What’s It Like to Work With David Duchovny?

David Duchovny and Gillian Anderson arrive for the British premiere of the X-Files: I Want to Believe in London in 2008.

Photo by Max Nash/AFP/Getty Images

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Answer by Gillian Anderson, author, actress, The X-Files, The Fall, Hannibal:

Well, David is David, so as you know, he’s funny and irreverent and we have a laugh. We laugh about the olden days and about how different it is to do the series as old people. He has a better memory than me, so the conversation is usually him being reminded of something we did and me saying, “Really? That happened? In which of the 20,000 episodes?”

We definitely stayed closer to set this time round than we used to. I mean, our trailers were where our life happened back in the day! I had a child in mine for one! These days though, after a scene finished, you’d actually find us chatting to our co-stars from time to time, like Joel McHale who won’t shut up about anything but mostly current events (just kidding … ish), or Kumail Nanjiani who also won’t shut up, but mostly about The X-Files. Anyway, it’s good entertainment.

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What is it like to make a television drama for BBC versus American networks?

Working for an American network—the stakes are pretty high especially these days, with studios trying to figure out not only how to keep audiences coming back but also to track when and how within the changing formats.

The pressure is not so great in the U.K. You aren’t really working for a studio, and the production companies are smaller, so one tends to have a more personal relationship with the people running the show. In the states, it’s a bigger machine and more red tape and sometimes the the fact that human beings are involved can get lost in the mix. It’s definitely less user-friendly. But both sides of the pond have their perks. And I’m just grateful to get to flip flop at all!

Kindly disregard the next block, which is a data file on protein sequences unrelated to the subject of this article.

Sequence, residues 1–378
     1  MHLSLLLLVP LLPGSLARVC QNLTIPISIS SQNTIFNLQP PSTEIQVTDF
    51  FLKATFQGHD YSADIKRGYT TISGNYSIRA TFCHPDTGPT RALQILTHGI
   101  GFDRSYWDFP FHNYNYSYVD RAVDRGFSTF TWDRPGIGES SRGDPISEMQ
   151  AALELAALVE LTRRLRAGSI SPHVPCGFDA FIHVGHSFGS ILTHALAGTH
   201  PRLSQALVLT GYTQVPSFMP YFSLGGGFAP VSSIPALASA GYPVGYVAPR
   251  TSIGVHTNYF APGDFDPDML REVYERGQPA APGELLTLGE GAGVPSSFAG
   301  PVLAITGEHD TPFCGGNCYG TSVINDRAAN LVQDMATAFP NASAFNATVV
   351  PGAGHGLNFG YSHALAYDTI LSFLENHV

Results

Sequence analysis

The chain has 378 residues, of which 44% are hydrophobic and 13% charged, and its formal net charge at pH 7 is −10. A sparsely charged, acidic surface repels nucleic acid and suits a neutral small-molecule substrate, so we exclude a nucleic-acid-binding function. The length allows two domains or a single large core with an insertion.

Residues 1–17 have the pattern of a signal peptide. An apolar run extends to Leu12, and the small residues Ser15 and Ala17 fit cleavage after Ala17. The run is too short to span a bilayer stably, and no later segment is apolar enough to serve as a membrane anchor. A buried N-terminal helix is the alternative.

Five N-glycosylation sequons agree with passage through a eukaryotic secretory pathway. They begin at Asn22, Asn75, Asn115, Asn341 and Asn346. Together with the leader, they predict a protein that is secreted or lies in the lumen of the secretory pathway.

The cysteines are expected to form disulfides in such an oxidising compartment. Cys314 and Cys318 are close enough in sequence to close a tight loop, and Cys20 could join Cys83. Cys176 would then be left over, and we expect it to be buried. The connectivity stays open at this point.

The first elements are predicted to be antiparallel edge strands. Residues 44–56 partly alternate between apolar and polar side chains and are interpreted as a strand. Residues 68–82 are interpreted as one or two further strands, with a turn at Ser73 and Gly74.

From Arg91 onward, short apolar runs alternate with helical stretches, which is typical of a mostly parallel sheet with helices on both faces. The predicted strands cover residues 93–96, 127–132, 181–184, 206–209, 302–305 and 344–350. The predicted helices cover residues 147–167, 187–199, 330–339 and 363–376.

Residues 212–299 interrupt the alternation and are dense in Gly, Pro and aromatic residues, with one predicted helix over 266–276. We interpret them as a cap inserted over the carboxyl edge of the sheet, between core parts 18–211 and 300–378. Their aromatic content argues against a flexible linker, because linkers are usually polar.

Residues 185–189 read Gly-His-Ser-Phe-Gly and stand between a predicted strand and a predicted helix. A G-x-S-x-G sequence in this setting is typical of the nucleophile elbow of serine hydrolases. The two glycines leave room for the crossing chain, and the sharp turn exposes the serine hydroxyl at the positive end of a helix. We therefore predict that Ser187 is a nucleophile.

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Was it difficult to separate and create different personas for Stella G. and Scully since they are both in the police field?

Scully and Stella are entirely different people on the page. They carry themselves differently and respond to situations differently. It’s pretty easy in a broad sense to keep them separate in my head.

Where it gets challenging is in the listening. How does Scully’s listening differ from Stella’s listening? I guess we’ll soon find out if there is a difference at all, or if it’s just in my head!

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